Several surgeons have recently reminded me that the impacts of adverse patient outcomes on physicians and nurses’ lives are deep and lasting. In previous posts, we’ve explored that terrain from several angles. We’ve touched on the process of recovering from adverse patient outcomes through the lens of my personal experience, who becomes a “second victim” and why, and how to support a colleague after an adverse patient outcome. Today, let’s go a step further. Let’s explore the three paths available to those recovering from adverse patient outcomes.
Research on Second Victim Recovery
There is a body of scientific literature which details the experience of the “second victim.” Granted, not everyone likes that term -- the word “victim” sets off alarm bells for some -- but since it’s the term the scientific community recognizes, I hope you’ll just roll with me on it for now.
If the term “second victim” is new to you, let me clarify. Sidney Dekker, pilot and international expert in safety science, identifies a second victim as a practitioner who is traumatized themselves when someone they aim to heal or protect is harmed, especially when that practitioner wonders whether they had a hand in the harm or might somehow have prevented it. Be that practitioner a pilot, a nurse, a physician, or an aerospace engineer, the effects on them can be devastating at times. These effects often follow a predictable pattern, not unlike bereavement. With “Inside the Whirlwind,” “3 Reasons Why We Grieve Patients’ Unexpected Losses,” and “Fear Itself,” we began to scratch the surface of the turmoil that sometimes erupts. What we haven’t really explored, though, is what happens after the aftermath. In other words, what patterns emerge in physicians and others further along the path to recovering from adverse patient outcomes.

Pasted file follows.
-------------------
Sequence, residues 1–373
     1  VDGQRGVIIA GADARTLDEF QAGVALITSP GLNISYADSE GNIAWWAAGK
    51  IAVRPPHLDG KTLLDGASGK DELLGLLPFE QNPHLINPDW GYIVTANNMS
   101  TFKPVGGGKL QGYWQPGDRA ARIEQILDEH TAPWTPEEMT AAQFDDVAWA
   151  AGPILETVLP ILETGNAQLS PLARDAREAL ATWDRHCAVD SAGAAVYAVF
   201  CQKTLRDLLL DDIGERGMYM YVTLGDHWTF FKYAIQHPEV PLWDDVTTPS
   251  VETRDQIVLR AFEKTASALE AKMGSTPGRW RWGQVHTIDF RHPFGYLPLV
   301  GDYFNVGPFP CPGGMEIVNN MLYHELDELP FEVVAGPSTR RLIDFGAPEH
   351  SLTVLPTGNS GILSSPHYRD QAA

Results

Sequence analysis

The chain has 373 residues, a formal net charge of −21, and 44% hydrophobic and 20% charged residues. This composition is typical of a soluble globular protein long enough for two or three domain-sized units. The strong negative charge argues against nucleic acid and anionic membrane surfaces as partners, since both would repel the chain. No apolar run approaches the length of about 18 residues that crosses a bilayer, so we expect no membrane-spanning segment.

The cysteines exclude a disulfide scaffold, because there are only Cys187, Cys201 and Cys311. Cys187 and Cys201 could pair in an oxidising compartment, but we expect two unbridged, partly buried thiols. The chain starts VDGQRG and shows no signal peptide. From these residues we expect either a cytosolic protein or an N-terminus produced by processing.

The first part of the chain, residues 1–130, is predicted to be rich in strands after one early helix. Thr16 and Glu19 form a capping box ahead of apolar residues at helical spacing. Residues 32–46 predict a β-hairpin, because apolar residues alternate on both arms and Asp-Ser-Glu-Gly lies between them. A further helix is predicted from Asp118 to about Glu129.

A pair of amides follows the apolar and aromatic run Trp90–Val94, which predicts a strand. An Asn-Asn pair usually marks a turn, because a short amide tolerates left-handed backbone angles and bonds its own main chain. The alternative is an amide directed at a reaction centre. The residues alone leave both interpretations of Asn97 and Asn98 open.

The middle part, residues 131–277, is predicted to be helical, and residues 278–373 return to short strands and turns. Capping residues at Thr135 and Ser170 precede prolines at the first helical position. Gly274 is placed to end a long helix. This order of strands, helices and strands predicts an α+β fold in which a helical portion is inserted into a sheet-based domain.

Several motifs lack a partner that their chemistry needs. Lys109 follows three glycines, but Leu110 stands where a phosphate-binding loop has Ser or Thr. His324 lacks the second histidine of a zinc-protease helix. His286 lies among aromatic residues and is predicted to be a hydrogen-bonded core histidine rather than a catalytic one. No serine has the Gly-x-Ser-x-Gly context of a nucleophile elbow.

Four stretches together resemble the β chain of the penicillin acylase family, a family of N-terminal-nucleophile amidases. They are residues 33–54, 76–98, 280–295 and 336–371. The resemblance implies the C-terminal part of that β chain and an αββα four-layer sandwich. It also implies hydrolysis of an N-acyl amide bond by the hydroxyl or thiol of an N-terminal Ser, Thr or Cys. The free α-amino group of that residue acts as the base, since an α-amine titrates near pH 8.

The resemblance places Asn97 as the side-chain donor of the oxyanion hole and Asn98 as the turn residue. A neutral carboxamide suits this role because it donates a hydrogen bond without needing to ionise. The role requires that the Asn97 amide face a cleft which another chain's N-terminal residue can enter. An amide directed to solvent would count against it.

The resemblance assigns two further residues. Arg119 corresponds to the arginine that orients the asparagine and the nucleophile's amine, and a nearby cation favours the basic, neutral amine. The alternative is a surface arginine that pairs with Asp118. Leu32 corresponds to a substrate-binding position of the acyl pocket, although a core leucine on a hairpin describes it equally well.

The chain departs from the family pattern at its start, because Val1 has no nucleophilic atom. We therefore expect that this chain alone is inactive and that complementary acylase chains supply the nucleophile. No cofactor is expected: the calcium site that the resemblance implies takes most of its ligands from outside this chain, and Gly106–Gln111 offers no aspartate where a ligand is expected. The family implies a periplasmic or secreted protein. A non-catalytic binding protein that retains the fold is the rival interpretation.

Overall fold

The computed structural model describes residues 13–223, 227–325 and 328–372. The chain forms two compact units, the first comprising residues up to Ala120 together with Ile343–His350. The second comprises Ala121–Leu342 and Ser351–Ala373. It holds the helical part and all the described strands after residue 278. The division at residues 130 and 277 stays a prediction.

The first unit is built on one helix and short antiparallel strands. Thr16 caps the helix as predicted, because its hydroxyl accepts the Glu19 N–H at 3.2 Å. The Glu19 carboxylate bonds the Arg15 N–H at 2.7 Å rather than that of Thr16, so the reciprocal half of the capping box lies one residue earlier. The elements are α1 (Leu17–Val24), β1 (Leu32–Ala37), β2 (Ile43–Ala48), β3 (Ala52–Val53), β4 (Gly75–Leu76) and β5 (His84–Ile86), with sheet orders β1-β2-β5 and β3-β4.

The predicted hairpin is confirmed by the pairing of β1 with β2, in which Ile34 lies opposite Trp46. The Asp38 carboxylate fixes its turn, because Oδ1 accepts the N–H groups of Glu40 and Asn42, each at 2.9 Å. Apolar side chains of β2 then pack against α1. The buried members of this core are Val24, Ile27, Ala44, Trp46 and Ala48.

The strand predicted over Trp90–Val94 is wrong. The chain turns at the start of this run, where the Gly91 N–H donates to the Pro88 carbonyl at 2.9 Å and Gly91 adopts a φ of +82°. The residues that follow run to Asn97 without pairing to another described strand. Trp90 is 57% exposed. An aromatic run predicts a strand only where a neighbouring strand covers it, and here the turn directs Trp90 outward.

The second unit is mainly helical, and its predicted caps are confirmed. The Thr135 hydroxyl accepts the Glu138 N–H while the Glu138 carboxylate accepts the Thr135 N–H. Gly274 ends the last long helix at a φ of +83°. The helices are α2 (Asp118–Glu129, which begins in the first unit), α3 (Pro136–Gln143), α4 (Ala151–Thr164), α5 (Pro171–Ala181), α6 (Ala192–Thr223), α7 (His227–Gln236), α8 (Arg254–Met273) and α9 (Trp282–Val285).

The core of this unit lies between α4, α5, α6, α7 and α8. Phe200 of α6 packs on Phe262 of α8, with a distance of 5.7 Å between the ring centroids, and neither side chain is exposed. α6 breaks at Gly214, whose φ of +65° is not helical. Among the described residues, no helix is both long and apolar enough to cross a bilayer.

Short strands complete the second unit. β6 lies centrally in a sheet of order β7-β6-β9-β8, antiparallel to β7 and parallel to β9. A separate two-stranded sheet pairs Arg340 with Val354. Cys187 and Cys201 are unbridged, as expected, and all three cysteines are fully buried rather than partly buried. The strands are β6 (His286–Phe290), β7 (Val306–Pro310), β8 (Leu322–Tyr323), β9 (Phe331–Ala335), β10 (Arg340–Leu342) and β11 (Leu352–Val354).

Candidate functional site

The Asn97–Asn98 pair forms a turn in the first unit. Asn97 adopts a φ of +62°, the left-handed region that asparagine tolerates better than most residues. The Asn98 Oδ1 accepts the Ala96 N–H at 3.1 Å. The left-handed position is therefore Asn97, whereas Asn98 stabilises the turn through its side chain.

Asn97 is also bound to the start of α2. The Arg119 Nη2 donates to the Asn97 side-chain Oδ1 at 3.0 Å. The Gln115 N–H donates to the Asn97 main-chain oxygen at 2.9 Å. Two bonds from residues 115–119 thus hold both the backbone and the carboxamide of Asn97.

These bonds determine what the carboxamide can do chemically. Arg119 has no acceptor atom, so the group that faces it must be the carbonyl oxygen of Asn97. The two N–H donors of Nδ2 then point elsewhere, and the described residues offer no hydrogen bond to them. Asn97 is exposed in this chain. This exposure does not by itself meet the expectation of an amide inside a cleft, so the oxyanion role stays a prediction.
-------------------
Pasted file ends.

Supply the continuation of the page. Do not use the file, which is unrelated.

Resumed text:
In an article from 2009, researchers identified six stages of recovery for the physician or other individual who has been injured by this type of life experience. Like Elizabeth Kubler-Ross’s stages of grief, these stages may overlap or come up repeatedly. Their universality reveals our common humanity, although the particular emotional hue and intensity may vary from one person and circumstance to the next. Interestingly, though, in the sixth stage, which researchers labelled “Moving On,” travelers diverge along three distinct paths. They drop out, they survive, or they thrive.